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11.26.01 - Book Review: Finding Common Ground
11.19.01 - The Call
11.12.01 - September 11 and White Privilege
11.05.01 - A Metaphor that Transforms
10.29.01 - Your Time, My Time, Me Time, and God's Time
10.15.01 - Sonburned at Soularize
10.08.01 - Nation can resist evil without using the tactics of violence and retribution
10.01.01 - Simplicity -- To Will One Thing
09.24.01 - That Was Then, This Is Now, and You Are Here…
09.17.01 - Come On!
09.03.01 - Anti-Racist Postmodernism?
08.27.01 - Really, Really Big Worship Ruts
08.20.01 - Your Own Personal Jesus
08.13.01 - New Agriculture, New World View
08.06.01 - Macro Questions
07.30.01 - Grace or Holiness … Must We Choose?
07.23.01 - The People Formerly Known as Lost
07.16.01 - Are We Motivated by Love?
07.09.01 - Take the Postmodern Reformation Quiz
07.02.01 - Artist Myths and Beyond
06.25.01 - Transformation For All Of Us
06.18.01 - Schleitheim, Shepherds, and 21st Century Leadership
06.11.01 - Tenth Anniversary
05.28.01 - Salvation and Mission
05.14.01 - Looking Beyond Ourselves
04.30.01 - The Ministry of Mapmaking
04.16.01 - On Sinking or Swimming in Postmodern Culture
The Compass Let Go Of Some of This Stuff

We clutter our lives. We jam pack our schedules, our houses, our cars, our minds. We have so much stuff coming at us, going past us, or waiting for us to pick up, that we have become the most cluttered people on the planet. It's part of what we do in this post-modern culture we live in.

And yet, we hold on to all of this stuff with two hands and cry when it breaks, wears out, fades, or runs empty.

Consider the rich man who Jesus spoke with in Matthew 19:16-30. Apparently, this guy had a lot of stuff, but he wanted more. "Teacher," he asked Jesus, "what good thing must I do to get eternal life?"

Now the key word is 'get,' and I suspect Jesus saw right through the Bible-time equivalent of his Armani suit and Gucci necktie. This guy was just like many people we know today -- he was an accumulator. And he had stuff. Lots of stuff.

So Jesus reminded him, first off, that there is only One (God) who is good. Must have wiped that self-righteous smile right off his face. Then He reminded him of the commandments. Been there Jesus, done that. "So what haven't I got?"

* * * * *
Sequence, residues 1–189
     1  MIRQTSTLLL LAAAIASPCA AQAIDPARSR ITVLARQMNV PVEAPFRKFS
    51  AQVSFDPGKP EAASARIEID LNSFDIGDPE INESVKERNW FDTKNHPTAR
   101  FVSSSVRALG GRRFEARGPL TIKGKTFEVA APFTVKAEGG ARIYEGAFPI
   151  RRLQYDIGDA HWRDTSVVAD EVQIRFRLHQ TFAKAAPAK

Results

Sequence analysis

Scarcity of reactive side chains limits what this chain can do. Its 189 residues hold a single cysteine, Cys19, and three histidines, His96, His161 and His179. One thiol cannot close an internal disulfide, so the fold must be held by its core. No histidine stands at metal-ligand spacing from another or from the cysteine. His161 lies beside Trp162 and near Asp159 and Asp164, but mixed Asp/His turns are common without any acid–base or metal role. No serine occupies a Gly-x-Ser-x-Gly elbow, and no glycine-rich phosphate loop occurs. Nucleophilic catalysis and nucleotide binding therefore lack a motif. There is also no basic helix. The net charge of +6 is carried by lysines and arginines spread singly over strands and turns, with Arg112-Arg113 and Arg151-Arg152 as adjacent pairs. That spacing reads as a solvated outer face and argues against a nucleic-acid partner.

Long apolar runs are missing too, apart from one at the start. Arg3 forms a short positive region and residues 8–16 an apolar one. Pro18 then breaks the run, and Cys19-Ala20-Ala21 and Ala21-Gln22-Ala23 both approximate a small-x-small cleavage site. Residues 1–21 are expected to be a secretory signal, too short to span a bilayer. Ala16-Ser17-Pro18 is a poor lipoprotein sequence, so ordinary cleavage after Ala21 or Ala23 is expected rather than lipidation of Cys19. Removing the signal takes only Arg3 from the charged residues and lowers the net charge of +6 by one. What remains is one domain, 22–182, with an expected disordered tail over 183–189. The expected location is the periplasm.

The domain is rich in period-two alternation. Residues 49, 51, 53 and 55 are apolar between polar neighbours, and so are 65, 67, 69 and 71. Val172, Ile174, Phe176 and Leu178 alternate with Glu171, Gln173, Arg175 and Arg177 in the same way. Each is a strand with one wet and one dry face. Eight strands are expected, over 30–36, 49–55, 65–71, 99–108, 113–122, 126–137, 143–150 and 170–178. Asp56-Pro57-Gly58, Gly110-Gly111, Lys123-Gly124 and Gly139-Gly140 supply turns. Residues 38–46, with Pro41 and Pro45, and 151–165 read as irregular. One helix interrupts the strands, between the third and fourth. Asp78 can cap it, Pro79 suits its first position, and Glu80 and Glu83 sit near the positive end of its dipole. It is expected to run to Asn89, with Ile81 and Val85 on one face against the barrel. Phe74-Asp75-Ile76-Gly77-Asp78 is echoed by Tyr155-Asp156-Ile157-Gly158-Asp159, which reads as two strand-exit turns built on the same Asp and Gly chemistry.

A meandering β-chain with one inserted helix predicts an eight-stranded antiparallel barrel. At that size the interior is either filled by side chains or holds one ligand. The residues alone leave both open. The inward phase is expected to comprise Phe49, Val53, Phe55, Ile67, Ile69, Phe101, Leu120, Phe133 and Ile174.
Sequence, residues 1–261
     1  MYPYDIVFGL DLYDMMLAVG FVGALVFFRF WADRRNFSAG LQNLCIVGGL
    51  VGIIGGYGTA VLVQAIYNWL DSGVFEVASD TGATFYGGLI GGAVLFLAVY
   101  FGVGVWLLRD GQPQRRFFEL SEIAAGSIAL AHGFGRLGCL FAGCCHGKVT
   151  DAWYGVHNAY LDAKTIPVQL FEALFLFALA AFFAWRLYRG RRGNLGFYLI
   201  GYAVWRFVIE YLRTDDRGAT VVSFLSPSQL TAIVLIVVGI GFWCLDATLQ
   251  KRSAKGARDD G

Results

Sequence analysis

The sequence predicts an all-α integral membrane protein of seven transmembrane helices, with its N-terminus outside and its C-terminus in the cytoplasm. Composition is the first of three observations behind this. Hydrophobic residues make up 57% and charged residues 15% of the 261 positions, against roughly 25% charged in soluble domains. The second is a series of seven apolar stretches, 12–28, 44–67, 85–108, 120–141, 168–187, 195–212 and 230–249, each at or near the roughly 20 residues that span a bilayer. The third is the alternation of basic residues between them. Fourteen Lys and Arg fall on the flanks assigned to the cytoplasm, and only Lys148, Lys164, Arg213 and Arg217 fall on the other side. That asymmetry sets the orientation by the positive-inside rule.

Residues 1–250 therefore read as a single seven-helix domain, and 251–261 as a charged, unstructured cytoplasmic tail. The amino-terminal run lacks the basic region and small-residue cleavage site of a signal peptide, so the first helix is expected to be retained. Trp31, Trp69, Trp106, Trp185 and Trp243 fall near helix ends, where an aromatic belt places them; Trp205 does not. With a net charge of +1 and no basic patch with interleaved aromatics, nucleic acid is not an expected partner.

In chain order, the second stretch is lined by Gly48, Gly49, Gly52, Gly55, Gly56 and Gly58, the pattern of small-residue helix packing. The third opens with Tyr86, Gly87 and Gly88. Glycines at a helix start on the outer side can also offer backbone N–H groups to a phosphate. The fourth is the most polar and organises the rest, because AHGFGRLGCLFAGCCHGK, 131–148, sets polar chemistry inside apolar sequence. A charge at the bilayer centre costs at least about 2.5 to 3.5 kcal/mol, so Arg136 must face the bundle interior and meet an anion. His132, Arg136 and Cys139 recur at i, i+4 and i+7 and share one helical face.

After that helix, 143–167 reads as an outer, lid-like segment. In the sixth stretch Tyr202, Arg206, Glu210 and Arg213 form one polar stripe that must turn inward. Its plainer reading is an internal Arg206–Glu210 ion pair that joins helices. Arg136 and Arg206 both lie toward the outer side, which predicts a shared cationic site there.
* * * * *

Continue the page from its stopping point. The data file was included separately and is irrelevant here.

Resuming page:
Now comes the real zinger -- "If you want to be perfect," Jesus answered, "go, sell all your possessions and give to the poor, and you will have treasures in heaven. Then come, follow me." After this guy's jaw dropped, he went away with his head hung low. This was probably one of the first times he could remember the he did not get something he wanted.

What he didn't understand was that eternal life was not just another bit of accumuli he could add to his asset statement. This was something he had to give up everything else for -- he had to let go of all of the other stuff. Why -- because it was evil? No, because it got in the way of a relationship with God.

Here again, in verse 21, Jesus wanted this man and all of us to get our priorities in order, to get all this clutter out of his life and his heart, and then -- only then -- when we let go with our hands, eyes, emotions, wills, and our hearts -- can we be prepared to do what Jesus asks: "Come, follow me."

Being rich is not a sin -- it is a stewardship responsibility, so let's not pick on those brothers and sisters around us who have the responsibility of wealth. Not everyone can handle this responsibility. Not everyone is given the same responsibility. Each of us has a different calling from God, and is given different gifts and talents, and that is what we need to focus on -- what we have, not what we don't have. Unless, of course, we don't have eternal life -- then we need to look at our priorities.

No matter how educated we are (or aren't), there is one lesson we have not learned as a postmodern society: in order to let God into our lives -- and fill us with a richer, more fulfilling, more eternal life -- we have to let go of the stuff -- with hands, mind, and heart.

-- Will Schirmer

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